Market adjusting for defensive stars

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I’ve long thought DeMarcus Ware is the best defensive player in the NFL. And I know what Albert Haynesworth can do to an offense.

So going into the offseason last February, I thought the two (Haynesworth as a free agent, Ware playing for a club that usually pays its stars handsomely) had a real chance to change the way defensive players were compensated. With Ware’s deal wrapped up now, it seems like that’s just what’s happened.

Does this concern the Patriots? You bet. Vince Wilfork’s contract situation is lingering. The club does have the protection of the franchise tag, and the affordable figure affixed to that for defensive tackles. It was $6.058 million last year, and will go up with new deals for Haynesworth and Giants DT Chris Canty factored in, but will remain reasonable.


But Wilfork, like most players, won’t be happy if he gets tagged. How hard will it be to lock him up? Harder now.

My pal and ex-Dallas Morning News colleague Calvin Watkins, now with, has the numbers on Ware’s deal. The pertinent one here is the $45 million he’ll receive over the first three years (2010-12) of the deal, which drives it into the range that quarterbacks get.

Ware’s deal blows by Haynesworth’s blockbuster, which calls for $41 million over its first three years. Haynesworth’s deal also contains a poison pill that effectively makes it a four-year, $48 million contract.
Ware’s deal includes $51 million over its first four years, but contains no such contract-killing provision. In fact, there’s a pretty decent chance he’ll make the $78 million over six years, provided he’s still producing at 33, when the deal expires.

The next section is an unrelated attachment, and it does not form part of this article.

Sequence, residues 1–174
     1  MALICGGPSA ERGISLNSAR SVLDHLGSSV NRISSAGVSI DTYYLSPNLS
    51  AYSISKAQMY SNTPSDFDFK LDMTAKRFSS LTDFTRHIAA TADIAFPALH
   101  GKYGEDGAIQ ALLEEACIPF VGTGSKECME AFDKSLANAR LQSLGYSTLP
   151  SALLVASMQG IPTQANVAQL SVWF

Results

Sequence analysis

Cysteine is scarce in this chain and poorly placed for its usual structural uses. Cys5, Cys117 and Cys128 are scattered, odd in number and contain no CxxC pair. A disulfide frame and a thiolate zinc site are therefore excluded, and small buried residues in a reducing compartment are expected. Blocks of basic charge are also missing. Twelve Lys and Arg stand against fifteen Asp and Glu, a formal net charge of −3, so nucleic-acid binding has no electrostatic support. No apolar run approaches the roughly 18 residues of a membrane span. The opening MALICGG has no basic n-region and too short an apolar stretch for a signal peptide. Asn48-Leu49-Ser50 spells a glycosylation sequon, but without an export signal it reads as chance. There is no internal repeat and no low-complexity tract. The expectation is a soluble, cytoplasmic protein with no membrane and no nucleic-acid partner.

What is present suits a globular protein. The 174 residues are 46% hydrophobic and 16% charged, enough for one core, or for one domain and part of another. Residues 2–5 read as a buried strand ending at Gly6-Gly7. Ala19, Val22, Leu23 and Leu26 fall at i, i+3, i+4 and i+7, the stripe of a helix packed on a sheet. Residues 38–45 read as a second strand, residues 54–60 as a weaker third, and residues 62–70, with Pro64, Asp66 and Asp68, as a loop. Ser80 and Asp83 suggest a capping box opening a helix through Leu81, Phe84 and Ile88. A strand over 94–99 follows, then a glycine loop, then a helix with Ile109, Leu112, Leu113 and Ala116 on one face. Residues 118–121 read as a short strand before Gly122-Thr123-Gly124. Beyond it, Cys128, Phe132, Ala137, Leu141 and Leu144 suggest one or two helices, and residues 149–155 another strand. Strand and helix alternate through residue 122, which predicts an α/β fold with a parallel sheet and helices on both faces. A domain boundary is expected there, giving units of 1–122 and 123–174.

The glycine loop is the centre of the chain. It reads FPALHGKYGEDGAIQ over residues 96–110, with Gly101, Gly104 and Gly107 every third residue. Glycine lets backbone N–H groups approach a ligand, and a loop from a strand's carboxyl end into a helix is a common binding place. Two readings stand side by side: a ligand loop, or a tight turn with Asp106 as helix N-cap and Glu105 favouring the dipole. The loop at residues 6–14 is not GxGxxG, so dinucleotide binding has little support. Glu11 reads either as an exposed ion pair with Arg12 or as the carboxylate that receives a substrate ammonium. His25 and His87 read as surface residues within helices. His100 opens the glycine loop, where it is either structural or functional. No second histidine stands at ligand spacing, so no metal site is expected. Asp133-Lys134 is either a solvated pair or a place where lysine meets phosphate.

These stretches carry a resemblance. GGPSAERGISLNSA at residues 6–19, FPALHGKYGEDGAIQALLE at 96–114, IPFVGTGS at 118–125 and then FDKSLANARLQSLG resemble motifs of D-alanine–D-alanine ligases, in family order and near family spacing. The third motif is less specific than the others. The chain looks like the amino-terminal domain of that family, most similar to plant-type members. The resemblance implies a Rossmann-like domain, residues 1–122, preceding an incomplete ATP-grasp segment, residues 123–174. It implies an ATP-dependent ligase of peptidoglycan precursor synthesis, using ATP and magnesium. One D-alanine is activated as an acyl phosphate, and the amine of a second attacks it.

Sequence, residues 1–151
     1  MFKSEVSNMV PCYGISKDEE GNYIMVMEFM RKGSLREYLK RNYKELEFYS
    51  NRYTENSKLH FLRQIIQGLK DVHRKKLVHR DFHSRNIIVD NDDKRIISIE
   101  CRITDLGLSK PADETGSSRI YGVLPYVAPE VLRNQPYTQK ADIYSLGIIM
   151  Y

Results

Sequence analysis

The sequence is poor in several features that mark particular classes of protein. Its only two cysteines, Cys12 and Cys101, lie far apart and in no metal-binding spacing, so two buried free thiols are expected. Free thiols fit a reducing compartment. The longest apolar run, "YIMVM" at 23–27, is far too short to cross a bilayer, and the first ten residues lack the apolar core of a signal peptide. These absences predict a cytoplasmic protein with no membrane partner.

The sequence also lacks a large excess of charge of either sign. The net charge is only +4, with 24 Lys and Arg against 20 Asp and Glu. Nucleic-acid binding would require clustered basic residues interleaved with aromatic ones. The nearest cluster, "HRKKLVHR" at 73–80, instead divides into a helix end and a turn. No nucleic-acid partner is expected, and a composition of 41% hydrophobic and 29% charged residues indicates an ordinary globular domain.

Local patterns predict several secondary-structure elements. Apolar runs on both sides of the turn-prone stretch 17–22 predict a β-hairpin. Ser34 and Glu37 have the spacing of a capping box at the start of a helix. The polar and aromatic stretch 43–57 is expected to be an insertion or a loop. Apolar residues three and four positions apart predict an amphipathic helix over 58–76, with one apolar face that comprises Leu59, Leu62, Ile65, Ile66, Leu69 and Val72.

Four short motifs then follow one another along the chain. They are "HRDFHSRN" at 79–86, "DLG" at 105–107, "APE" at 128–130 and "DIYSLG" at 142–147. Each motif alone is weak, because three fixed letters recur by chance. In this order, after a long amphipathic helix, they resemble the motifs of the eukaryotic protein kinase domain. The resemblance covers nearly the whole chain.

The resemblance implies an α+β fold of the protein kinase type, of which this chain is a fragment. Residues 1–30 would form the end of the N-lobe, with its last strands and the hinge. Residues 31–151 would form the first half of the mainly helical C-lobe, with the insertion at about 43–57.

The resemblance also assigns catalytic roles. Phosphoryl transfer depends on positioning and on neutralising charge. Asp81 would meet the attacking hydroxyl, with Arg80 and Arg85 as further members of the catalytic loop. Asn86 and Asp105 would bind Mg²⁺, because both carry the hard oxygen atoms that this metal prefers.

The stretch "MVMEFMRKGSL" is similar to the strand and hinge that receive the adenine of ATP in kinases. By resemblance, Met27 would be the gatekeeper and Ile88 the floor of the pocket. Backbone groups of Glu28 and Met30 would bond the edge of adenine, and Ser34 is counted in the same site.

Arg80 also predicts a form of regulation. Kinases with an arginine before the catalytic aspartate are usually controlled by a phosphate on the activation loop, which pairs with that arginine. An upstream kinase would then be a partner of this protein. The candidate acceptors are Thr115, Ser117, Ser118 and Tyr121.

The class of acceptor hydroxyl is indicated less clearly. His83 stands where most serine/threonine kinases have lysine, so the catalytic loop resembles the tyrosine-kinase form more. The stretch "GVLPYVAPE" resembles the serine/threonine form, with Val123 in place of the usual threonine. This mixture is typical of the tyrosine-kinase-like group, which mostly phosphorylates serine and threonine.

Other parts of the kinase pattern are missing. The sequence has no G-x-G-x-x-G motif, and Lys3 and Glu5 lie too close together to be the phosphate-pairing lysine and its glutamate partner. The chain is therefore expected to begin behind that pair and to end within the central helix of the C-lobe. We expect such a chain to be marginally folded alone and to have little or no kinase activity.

Hard to say whether Wilfork will be capable of getting into this stratosphere, but there will be a market for him, if he is to come free, because of his versatility and ability to play the nose in the 3-4. Haynesworth is 28. Ware is 27. Wilfork turns 28 next week. Ware’s been to three Pro Bowls, Haynesworth two, and Wilfork one.
Now, consider that Jared Allen got $38 million over the first three years of the deal he signed with the Vikings in 2008, and you see what’s happening here. The market is changing. Ware’s three-year numbers represent an 18 percent jump.
Bottom line: Defensive players aren’t going for what they used to. And the one who is perhaps most important to the way the Patriots want to play defense just saw his market value soar from where it might’ve been nine months ago.

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